Every year in Faroe island, Denmark the sea is stained in red, and it’s not because of the climate effects of nature. It’s because of the humans killing hundreds of the famous and intelligent Calderon dolphins. In this slaughter the main participants are young teens. WHY? To show that they are adults and mature!
In this big celebration, nothing is missing for the fun. Everyone is participating in one way or the other, killing or looking at the cruelty “supporting like a spectator”. Is it necessary to mention that the dolphin Calderon, like all the other species of dolphins, it’s near extinction and they come close to humans to play and interact. See the picture (at your own risk) below.
Whaling in the Faroe Islands has been practiced since 1584. It is regulated by Faroese authorities but not by the International Whaling Commission as there are disagreements about the Commission’s competency for small cetaceans. Around 950 Long-finned Pilot Whales (Globicephala melaena) are killed annually, mainly during the summer. The hunts, called “grindadráp” in Faroese, are non-commercial and are organized on a community level; anyone can participate. The hunters first surround the pilot whales with a wide semicircle of boats. The boats then drive the pilot whales slowly into a bay or to the bottom of a fjord.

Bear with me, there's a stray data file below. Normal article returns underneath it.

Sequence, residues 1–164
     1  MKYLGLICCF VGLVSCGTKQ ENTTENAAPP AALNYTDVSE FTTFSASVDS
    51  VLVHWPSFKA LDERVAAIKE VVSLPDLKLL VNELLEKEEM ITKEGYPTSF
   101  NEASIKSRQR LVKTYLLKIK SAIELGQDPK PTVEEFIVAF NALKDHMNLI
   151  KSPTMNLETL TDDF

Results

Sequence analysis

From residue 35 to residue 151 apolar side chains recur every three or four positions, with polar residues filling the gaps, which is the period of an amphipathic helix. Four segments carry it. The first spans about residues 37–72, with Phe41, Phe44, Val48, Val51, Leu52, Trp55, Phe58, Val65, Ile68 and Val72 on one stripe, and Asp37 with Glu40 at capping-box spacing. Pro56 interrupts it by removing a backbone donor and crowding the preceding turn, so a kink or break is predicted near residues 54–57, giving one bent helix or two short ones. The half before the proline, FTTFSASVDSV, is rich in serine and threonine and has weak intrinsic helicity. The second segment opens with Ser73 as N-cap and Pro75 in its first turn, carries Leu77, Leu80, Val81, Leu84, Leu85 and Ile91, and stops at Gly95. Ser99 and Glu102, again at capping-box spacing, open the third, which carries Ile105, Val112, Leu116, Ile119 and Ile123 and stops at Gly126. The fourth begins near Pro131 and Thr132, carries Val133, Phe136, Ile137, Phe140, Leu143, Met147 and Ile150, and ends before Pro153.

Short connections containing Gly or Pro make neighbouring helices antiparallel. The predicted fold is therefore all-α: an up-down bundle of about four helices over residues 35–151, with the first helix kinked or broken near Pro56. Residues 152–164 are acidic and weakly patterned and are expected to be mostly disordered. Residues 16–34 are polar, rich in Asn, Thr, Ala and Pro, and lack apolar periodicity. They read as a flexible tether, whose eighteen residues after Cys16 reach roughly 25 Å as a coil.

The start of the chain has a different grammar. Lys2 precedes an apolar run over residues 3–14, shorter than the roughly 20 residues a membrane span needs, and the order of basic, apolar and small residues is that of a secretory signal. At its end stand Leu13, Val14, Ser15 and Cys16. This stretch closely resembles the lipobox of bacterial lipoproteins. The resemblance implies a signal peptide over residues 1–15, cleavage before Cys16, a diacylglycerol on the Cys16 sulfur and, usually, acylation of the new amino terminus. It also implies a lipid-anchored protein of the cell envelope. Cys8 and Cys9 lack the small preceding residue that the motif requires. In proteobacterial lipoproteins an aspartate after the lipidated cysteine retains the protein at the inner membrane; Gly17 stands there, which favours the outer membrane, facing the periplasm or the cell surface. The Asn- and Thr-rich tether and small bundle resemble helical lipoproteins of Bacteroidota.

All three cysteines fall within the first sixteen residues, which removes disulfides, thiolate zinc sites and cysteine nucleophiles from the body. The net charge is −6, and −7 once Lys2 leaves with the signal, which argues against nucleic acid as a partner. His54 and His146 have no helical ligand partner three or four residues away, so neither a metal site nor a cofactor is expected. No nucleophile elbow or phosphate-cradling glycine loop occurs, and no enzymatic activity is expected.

Most Faroese consider the hunt an important part of their culture and history. Animal-rights groups criticize the hunt as being cruel and unnecessary, while the hunters claim in return that most journalists do not exhibit sufficient knowledge of the catch methods or its economic significance.
As of the end of November 2008 the chief medical officers of the Faroe Islands have recommended that pilot whales no longer be considered fit for human consumption because of the levels of toxins in the whales.
Islanders in motorboats first drive the whales into a bay. The chase may be lengthy. The whales are eventually driven into the shallows. The islanders hammer 2.2 kg metal gaffs into the flesh of each whale until the hooks hold. A 15 cm knife is then used to slash through the blubber and flesh to the spinal column. Next the main blood vessels are severed.
The Faroese treat the hunt as a festive occasion. Children are often given a day off school.
According to Faroese legislation it is also permitted to hunt certain species of small cetaceans other than pilot whales. These include: Bottlenose dolphin; Atlantic white-beaked dolphin; Atlantic white-sided dolphin; and Harbour porpoise (There are also specific regulations for the hunting of harbour porpoise. Harbour porpoises are killed with shotguns).
The gruesome pictures of the mass murder of the dolphins.
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